ShareThis Page

What gift should Pittsburgh send Amazon to win HQ2?

Aaron Aupperlee
| Thursday, Sept. 21, 2017, 2:03 p.m.
A cactus in Saguaro National Park, May 13, 2015 in Tucson, Arizona.
A cactus in Saguaro National Park, May 13, 2015 in Tucson, Arizona.

What do you give the company that has everything?

At least one group decided to sweeten their bid for Amazon's second headquarters with a gift, as if the promise of tax breaks and development incentives weren't already enough.

Sun Corridor, an economic development agency in Tucson, Ariz., planned to send Amazon CEO Jeff Bezos a 21-foot Saguaro cactus.

Amazon politely declined the gift and donated it to the Desert Museum in Tucson.

Sun Corridor said the cactus was a symbol of the growth possible in Tucson.

"We're thrilled they took notice — that was our intent. We wanted to be bold in sending a creative message of, 'We have room for you to grow here for the long term.' Nothing signifies that better than a saguaro," Sun Corridor Inc. spokeswoman Laura Shaw said in an email to The Associated Press.

Cities across North America are scrambling to put together bids to entice Amazon. The Seattle company said its second headquarters could bring $5 billion in investments and create as many as 50,000 jobs. Amazon was not shy about saying that it expects economic incentives as part of the deal.

Pittsburgh did not send Amazon any gifts and has not considered it, said Tim McNulty, a spokesman for Mayor Bill Peduto.

But what should Pittsburgh send Amazon? A Primanti Bros. sandwich or perhaps some pierogies? Maybe a Terrible Towel?

How about one of the boats from the Log Jammer? Kennywood isn't using them anymore.

And Bezos, if you still really do want a Saguaro cactus, check out Amazon . There is a live one for $24.99 plus $7.49 in shipping. Not Prime.

Aaron Aupperlee is a Tribune-Review staff writer. Reach him at, 412-336-8448 or via Twitter @tinynotebook.

TribLIVE commenting policy

You are solely responsible for your comments and by using you agree to our Terms of Service.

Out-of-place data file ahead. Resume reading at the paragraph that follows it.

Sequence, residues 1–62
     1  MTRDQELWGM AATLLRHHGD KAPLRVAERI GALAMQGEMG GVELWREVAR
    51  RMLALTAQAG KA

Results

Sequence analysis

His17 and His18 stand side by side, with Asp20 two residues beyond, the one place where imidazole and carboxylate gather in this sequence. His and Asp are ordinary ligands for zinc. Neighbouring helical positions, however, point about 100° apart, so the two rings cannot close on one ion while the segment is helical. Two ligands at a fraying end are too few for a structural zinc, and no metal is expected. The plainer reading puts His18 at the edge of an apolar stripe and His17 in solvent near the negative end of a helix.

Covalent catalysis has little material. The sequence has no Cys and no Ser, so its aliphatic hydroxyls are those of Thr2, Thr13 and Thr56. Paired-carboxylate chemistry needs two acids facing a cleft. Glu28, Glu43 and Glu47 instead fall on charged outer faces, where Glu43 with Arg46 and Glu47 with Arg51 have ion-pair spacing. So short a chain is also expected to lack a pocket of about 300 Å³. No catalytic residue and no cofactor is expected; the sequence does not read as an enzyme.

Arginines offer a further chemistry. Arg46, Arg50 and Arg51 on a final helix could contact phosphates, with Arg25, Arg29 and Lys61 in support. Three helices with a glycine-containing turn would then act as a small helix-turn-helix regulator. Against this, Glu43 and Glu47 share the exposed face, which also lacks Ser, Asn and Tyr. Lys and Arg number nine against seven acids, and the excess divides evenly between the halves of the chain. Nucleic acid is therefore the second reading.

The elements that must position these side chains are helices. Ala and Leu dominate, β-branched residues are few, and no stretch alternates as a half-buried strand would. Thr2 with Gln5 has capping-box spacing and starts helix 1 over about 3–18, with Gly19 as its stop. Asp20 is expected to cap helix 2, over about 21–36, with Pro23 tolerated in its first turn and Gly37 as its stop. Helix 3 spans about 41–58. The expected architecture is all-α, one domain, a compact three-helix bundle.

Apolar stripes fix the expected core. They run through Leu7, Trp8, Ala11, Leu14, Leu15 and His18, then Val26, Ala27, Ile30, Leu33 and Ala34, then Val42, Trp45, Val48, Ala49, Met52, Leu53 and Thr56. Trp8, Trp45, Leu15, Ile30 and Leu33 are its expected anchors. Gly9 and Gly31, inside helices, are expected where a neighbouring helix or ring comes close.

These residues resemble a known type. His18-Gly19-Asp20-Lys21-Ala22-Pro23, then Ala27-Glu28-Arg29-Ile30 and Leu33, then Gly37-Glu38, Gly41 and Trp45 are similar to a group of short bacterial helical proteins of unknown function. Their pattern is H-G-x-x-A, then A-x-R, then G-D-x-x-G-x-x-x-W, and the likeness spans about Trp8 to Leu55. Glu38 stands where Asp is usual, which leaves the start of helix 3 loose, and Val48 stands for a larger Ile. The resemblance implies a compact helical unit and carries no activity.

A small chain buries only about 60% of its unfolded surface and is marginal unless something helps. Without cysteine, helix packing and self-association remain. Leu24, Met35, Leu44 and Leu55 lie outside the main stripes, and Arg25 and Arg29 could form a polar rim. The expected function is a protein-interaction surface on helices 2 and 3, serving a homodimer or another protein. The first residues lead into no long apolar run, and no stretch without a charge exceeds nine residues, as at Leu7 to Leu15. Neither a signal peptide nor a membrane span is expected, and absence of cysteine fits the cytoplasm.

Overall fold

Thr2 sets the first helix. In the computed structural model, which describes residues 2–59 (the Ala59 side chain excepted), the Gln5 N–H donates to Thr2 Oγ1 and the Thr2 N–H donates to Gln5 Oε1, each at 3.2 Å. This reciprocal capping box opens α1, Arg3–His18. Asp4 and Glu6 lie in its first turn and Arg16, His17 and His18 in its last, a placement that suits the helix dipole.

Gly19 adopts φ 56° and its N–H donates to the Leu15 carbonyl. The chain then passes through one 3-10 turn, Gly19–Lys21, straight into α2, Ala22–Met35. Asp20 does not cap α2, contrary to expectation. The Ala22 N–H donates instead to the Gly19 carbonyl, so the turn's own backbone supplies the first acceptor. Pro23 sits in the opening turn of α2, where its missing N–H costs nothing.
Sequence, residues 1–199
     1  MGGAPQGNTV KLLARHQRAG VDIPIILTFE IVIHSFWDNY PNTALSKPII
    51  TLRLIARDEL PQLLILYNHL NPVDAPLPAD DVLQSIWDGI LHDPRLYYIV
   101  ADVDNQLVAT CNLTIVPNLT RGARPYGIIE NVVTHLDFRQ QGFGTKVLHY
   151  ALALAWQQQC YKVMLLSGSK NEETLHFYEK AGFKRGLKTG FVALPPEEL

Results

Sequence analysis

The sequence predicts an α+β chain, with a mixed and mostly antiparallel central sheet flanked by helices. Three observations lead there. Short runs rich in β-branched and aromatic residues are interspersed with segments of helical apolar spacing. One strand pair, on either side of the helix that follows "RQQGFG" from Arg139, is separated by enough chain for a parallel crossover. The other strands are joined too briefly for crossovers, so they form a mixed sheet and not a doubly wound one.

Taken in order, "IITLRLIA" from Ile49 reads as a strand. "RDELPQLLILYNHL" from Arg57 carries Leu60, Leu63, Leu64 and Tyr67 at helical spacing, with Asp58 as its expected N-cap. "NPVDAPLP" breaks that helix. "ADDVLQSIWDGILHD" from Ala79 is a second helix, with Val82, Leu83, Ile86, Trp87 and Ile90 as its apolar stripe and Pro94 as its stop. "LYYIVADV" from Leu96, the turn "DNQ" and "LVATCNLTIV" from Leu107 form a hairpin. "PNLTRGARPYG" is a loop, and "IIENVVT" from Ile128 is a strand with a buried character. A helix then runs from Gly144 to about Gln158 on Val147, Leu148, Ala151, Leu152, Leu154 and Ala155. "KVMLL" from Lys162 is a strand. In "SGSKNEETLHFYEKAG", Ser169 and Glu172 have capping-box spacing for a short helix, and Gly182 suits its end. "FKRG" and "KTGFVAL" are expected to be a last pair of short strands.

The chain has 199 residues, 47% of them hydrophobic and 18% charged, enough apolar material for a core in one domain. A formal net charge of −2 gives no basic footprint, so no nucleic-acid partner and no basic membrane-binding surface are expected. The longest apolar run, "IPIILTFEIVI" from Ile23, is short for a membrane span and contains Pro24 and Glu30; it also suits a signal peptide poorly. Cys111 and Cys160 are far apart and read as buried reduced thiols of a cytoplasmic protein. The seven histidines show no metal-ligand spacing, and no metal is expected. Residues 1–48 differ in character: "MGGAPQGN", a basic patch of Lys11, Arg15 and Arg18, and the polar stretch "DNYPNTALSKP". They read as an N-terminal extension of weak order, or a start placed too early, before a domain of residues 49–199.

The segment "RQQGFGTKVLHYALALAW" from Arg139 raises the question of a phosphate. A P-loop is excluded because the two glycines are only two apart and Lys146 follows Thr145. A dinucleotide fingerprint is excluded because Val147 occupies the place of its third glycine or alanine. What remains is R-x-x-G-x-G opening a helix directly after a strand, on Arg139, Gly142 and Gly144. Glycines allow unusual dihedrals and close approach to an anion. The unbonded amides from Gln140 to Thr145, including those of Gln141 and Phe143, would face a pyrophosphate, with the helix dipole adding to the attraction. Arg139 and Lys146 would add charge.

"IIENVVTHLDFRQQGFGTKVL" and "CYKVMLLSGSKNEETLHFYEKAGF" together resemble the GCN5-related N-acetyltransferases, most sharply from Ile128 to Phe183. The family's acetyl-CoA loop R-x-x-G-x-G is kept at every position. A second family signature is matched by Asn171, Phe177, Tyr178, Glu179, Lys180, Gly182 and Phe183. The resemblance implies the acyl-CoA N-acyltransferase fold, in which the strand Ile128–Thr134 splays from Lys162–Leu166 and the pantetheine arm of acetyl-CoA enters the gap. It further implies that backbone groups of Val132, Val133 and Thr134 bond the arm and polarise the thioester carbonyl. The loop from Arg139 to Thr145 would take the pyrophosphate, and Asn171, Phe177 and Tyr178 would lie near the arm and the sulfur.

We moderate comments. Our goal is to provide substantive commentary for a general readership. By screening submissions, we provide a space where readers can share intelligent and informed commentary that enhances the quality of our news and information.

While most comments will be posted if they are on-topic and not abusive, moderating decisions are subjective. We will make them as carefully and consistently as we can. Because of the volume of reader comments, we cannot review individual moderation decisions with readers.

We value thoughtful comments representing a range of views that make their point quickly and politely. We make an effort to protect discussions from repeated comments either by the same reader or different readers

We follow the same standards for taste as the daily newspaper. A few things we won't tolerate: personal attacks, obscenity, vulgarity, profanity (including expletives and letters followed by dashes), commercial promotion, impersonations, incoherence, proselytizing and SHOUTING. Don't include URLs to Web sites.

We do not edit comments. They are either approved or deleted. We reserve the right to edit a comment that is quoted or excerpted in an article. In this case, we may fix spelling and punctuation.

We welcome strong opinions and criticism of our work, but we don't want comments to become bogged down with discussions of our policies and we will moderate accordingly.

We appreciate it when readers and people quoted in articles or blog posts point out errors of fact or emphasis and will investigate all assertions. But these suggestions should be sent via e-mail. To avoid distracting other readers, we won't publish comments that suggest a correction. Instead, corrections will be made in a blog post or in an article.

click me